SEASON OF ARROWS-GIVE IT TO THE MOUNTAIN

Rating: 3.0/5
Label/Distributor: Static Tension Recordings
Released: 
2016
Buy Album:
 https://statictension.bandcamp.com/album/give-it-to-the-mountain
Band Website:
 https://seasonofarrows.bandcamp.com/

Band Lineup:fullsizerender

Stormie Wakefield-Vocals
Brandon Shepard-Guitar
Dave Gates-Guitar
Shawn Van Dusen-Bass
Brad Lawson-Drums

Tracklisting:

1. Farewell to the Horseman
2. Deep Graves
3. Evening Lord
4. Autumn Wings
5. The Bridge
6. New Sorcery
7. Bellow
8. From the Wilderness We Return

Review

Season of Arrows have brought a feast of music with their sophomore full release ‘Give It To The Mountain’. Carrying on from 2014’s self-titled debut this quintet from Nashville, Tennessee bring 45 more minutes of intriguing doom tinged darkness. They have moved on in terms of style and have really captured the powerful yet haunting presence of vocalist Stormie Wakefield’s voice which, although was prominent enough on the original, wasn’t fully explored in terms of her range.

The album opens strongly with ‘Farewell To The Horsemen’, bringing a slow, calm melody in before being stamped down upon by the groove trodden boots of the guitarists Brad Lawson and David Gates. Stormie Wakefield’s voice aligns with the band’s efforts, complimenting the barrage of music being pummelled out by the band. You get a good representation of the band’s diversity through the opening track. Strong choruses, hard riffs, atmosphere, intensity, calm, melody; this song has all the necessary ingredients to launch the album.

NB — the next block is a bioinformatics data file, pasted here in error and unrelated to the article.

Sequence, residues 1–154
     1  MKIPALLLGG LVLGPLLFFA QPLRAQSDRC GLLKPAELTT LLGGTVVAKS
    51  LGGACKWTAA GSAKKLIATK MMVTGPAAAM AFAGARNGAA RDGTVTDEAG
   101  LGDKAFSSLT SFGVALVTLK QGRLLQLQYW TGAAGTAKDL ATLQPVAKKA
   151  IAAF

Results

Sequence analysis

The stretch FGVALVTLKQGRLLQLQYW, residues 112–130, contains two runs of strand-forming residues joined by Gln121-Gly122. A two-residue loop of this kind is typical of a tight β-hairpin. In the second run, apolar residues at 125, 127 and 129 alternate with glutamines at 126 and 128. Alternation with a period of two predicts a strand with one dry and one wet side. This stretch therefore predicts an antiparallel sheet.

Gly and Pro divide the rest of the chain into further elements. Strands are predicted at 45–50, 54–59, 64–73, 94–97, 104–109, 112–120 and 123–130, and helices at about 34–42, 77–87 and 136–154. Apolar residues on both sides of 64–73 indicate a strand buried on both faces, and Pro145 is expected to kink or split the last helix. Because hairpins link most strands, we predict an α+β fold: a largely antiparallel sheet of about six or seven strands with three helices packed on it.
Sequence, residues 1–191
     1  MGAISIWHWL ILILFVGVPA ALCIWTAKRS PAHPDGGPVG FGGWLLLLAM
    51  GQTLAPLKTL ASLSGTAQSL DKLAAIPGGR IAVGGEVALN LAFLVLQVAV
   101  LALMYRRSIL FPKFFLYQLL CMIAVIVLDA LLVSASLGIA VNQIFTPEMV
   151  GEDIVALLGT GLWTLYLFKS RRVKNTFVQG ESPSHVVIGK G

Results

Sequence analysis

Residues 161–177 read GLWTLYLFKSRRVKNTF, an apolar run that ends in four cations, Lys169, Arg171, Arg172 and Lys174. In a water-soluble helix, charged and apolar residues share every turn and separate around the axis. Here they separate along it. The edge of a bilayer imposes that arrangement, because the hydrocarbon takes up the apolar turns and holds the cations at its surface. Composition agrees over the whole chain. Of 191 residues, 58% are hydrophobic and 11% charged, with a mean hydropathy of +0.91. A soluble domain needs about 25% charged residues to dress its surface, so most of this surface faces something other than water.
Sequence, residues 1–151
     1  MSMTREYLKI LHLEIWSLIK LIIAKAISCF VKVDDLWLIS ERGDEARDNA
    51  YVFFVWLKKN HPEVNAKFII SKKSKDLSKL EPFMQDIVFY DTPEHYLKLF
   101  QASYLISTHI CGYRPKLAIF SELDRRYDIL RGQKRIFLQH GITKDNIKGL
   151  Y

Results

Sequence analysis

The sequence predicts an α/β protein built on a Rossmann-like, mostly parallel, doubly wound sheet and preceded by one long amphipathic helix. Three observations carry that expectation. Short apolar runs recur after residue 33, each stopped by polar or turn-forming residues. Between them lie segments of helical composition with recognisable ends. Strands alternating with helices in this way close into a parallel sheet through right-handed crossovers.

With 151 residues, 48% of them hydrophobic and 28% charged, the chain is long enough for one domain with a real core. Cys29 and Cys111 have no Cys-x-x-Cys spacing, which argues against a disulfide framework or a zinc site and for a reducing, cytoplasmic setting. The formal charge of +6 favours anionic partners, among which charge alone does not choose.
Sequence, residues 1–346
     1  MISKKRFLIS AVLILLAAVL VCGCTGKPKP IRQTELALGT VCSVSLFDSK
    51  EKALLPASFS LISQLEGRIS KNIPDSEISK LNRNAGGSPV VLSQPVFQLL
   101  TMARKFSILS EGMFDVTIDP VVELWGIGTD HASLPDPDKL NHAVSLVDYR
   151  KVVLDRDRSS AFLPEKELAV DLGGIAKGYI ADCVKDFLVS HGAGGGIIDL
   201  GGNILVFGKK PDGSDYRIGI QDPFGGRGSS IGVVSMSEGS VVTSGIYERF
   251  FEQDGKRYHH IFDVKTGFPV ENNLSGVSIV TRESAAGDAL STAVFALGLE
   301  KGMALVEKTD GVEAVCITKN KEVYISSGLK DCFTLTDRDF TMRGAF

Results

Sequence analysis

The heavier songs on this album are the ones that have more staying power. The third track ‘Evening Lord’ brings back the riff after a lull in the shorter doomy second track ‘Deep Graves’. The album has many modes though and is not all riff orientated. The vocals can dominate at times, driving the shifts in tempo and atmosphere. Songs like ‘The Bridge’ are hauntingly emotive until we are brought to the pinnacle of the album in ‘New Sorcery’ which stands tall above the rest in terms of heaviness and grandeur.

The album ends memorably with the soothing tranquillity of ‘Bellow’ before ending with the album’s strongest display of musicality in ‘From The Wilderness We Return’. It’s an excellent end to an album which certainly has its moments. The production seems better albeit they have retained the services of producer Mikey Allred who worked on their first release. Stormie Wakefield’s voice is captured perfectly and mixed in more competently than in their first album. This makes for a much better sound and although their self-titled release had more pace in tempo at points, I believe this to be a better album as a whole. Well worth the 45 minutes sacrificed.

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